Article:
Current methods of separating mixed gases are energy-intensive, costly and inefficient. A chemical engineering professor at Missouri University of Science and Technology is developing a new, energy-efficient adsorbent that will improve common gas separation processes.
With a three-year grant from the National Science Foundation, Dr. Xinhua Liang, assistant professor of chemical and biochemical engineering at Missouri S&T, is devising a way to fine-tune the pore sizes of zeolite-based composite adsorbents to separate gas mixtures that differ in molecule size by only a couple of hundredths of a nanometer.
To separate gases, a change in pressure or temperature pushes a mixture through a porous adsorbent, which acts as a sieve. The diameter of the pores determines if gases will separate or not.
The porous adsorbent material allows one type of gas molecule to pass through the pores and adsorb, but other gases in the mixture – gases with different-sized molecules – cannot pass through the pores. The process then changes pressure to desorb the adsorbed material, and the separation is completed.
Separating gases reduces both waste and the amount of greenhouse gases being released into the atmosphere by recycling the molecules. It also allows both gases taken from a mixture to be used, instead of one being released or burned off.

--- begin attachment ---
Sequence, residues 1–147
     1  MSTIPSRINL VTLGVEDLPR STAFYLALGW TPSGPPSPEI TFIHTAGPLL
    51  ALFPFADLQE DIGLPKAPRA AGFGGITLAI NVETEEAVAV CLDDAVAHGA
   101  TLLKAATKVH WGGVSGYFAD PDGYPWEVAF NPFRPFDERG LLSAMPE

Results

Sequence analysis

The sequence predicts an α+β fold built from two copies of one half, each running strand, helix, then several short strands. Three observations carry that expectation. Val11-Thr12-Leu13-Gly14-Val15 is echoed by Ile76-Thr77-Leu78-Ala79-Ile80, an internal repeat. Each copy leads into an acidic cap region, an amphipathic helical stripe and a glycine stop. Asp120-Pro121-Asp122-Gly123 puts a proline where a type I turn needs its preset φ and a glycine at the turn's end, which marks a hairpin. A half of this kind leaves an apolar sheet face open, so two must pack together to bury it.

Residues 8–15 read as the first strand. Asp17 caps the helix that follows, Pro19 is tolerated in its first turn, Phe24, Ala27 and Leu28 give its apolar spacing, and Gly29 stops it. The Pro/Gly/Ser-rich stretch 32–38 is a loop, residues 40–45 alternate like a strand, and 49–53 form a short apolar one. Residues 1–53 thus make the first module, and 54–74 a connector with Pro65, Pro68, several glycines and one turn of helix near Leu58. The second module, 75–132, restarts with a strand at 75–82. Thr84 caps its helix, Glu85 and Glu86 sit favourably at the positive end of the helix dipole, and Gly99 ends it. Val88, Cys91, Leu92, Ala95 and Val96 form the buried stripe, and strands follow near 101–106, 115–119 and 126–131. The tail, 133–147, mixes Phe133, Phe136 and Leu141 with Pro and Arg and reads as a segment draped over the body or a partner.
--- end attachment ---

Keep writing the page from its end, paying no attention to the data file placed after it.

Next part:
Liang, in collaboration with Dr. Miao Yu, assistant professor of chemical engineering at the University of South Carolina, uses molecular layer deposition to place ultra-thin porous coatings on adsorbent minerals called zeolites to form consistent pore sizes.
Liang’s work will reduce the cost of the separation process and save energy by allowing the distillation process to occur at a higher temperature. Distillation is widely used in separation plants to break down atmospheric air into its primary components, typically nitrogen and oxygen. This development in the design of zeolite-based adsorbents could serve as a model for future advances in gas mixture separation processes.
“There is no current membrane to separate gas mixtures like methane and nitrogen while retaining their pure forms because of their size similarity,” says Liang. “The size difference between those two gases is .016 nanometers. With this research, we can tune pore sizes and it can lead to more effective separation of difficult-to-separate gas mixtures.”
Separating methane and nitrogen are both major components in the natural gas industry. Using consistent pore sizes, Liang is able to isolate each individual gas successfully.
“The process should be as energy-efficient and conserving as possible, and that is what this research is achieving,” says Liang. “If successful, this process will play an important role in the chemical industry.”